December 17, 2014
Rate this (Avg 5.0)
A tribute to a very special cat
Donna M. Roy
YODA

Editor’s note: We received this story from Donna in December and it was supposed to run then but it was misplaced and it never ran. We regret the error.

It is a very sad day today; we received the news that our neighborhood cat, Yoda, had passed away during the night.
This just isn’t the story of a cat that roamed the neighborhood, which you might see once in a while. This is the story of Yoda, a beautiful Siamese cat with large double paws. I remember the day my neighbor called to say, “Come over, I have a surprise for my wife for Chirstmas.” The four of us went over and he greeted us with this tiny little creature named Yoda. He immediately climbed into my 5-year-old’s lap, curled into a ball and proceeded to go to sleep. This is when the bond began.
Yoda was like the mayor of our neighborhood; everyone knew him or of him. He stood out in a crowd due to his calmness and large size. He had a very good life. My husband and I would often say Yoda was like a human who had won the lottery. We live on a dead end street, so we do not see many cars. There are woods behind us, so he would often spend his days hunting mice and birds in the woods, gazing out at the water, and often visit the neighbors and walk down to the marina. He was a frequent guest at our house; you could even say he shared two families – us and our neighbors. Yoda loved people; whenever we had company, he would always come over. My entire family, along with friends, all knew Yoda. He visited with all the guests; he never missed a party. His favorite food was shrimp, of course!
He and I had a very special bond, along with his owner. He was very attached to his “mother” and would often sit on her lap if she were at the computer. He was so big and rough looking, but always wanted to sit on his mother’s lap. He would know what time I would come home every day. He could be in a sound sleep, resting at home, and then at about 5 p.m., arise, want to go out and head for my mailbox. I stopped every night to get my mail before going home. He would wait for me; I would arrive, open the door, let him in the van and he would proceed to the passenger side to look out the window. Occasionally we would take a ride around the block. Back at my house, he would wait for his treat, the low sodium turkey breast that I would wait in line for at the deli, no matter how long the line, for $9.99 per pound. My husband wasn’t too happy about the price, but oh well! I would often say, “Don’t eat all the turkey – it is for Yoda!”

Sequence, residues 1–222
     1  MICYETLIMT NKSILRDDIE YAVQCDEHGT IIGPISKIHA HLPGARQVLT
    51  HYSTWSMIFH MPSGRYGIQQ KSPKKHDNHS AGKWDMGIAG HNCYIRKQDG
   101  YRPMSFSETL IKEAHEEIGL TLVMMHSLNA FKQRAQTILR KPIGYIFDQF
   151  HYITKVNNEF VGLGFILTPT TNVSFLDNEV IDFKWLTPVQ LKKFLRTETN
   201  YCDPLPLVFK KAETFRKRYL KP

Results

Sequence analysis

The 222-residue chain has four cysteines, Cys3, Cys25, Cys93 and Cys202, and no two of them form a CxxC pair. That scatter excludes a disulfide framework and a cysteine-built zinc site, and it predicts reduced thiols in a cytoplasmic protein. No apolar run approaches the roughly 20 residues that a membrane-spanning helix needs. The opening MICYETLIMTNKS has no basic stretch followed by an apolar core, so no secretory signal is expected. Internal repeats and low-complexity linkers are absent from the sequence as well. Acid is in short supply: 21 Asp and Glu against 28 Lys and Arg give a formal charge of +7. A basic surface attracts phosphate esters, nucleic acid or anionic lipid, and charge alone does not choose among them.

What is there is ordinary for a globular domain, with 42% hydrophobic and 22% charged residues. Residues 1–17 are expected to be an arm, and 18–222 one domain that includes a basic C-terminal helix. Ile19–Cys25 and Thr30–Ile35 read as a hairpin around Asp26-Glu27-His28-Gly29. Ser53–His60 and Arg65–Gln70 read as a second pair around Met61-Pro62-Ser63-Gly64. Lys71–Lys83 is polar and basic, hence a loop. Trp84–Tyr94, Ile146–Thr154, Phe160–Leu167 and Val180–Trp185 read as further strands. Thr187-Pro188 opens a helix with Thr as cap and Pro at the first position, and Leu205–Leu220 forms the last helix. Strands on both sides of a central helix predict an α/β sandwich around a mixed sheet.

Yoda did not like it when were not home, or the unthinkable – go on vacation. One time his owner became concerned because he started turning gray. She brought him to the doctor and they said there is nothing physically wrong with him; it appears to be caused by stress. They asked if he was experiencing any stress? “Yes,” she replied, “my neighbors are on vacation!”
He would, of course, sometimes get himself into trouble. He was very nosy and always had to know what was going on. One day, while driving down the street, I noticed a moving van in front of a neighbor’s house. I happened to glance into the truck and there is Yoda curled up in a ball. “Yoda,” I would yell, “get out of there!” He would just look at me disgusted, get up very slowly and walk over to me as slow as possible. There was also the time he got locked into our shed overnight. As I was driving out of the driveway the next morning, I happened to look over at the shed and there is Yoda peering out of the window! He also got locked in my van one evening until his owner came looking for him and spotted him sitting in the driver’s seat waiting for someone to rescue him.
Yoda’s routine would be to get let out around 6 in the morning, and then make his way over to my house for his breakfast. He would be waiting on the back deck for me to let him in and provide his turkey. He would sit on the stool in the kitchen, waiting for the turkey to arrive. When he finished, he would run upstairs to my daughter’s room. He would never jump in bed without asking permission. He would meow until she said it was OK. He would then join her for a snooze. He was a part of our family, even though he wasn’t our cat. To me, though, he was. My neighbor got a small dog, which Yoda, at first, was not fond of. However, they grew to become very good friends. In the evening, you would spot Scooter going out for his walk, and who was right there beside them? Yoda. They were not going for their walk without him!
This coming summer will be difficult without our furry friend. I was never alone outside. If I were on the deck, he would join me in his favorite deck chair. If I were gardening, I would look over and he would be sprawled out under the pine trees catching the breeze. He was always around, a permanent fixture on Ship Street for the past 11 years. The old neighborhood will seem awful quiet to us and lonely without our faithful and devoted friend. Somehow, though, I think he will be watching over us!
I wanted to say a special thank you for my dear neighbors for allowing us to share so deeply in the life of Yoda. I went over to say goodbye to him on his last night, something that was very difficult for me to do. As he lay in the kitchen chair, breathing so heavily, he looked up at me with his beautiful blue eyes, and I knew he knew I was there with him. I am very grateful that I got to say goodbye to him. Yoda (Boo Boo), we will never forget you and all the love you bestowed upon all of us!


You must be logged in to post a comment. Click here to log in.
Welcome to RIjobs.com
Copyright © 2014, Beacon Communications. Powered by: Creative Circle Advertising Solutions, Inc.